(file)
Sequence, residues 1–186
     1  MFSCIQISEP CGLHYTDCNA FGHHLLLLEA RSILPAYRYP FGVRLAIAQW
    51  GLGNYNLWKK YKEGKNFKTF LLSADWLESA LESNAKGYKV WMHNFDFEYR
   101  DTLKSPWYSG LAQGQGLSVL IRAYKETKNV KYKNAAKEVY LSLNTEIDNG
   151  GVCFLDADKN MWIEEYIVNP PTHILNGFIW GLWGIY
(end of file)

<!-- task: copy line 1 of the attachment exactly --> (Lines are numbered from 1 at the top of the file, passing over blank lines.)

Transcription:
Sequence, residues 1–186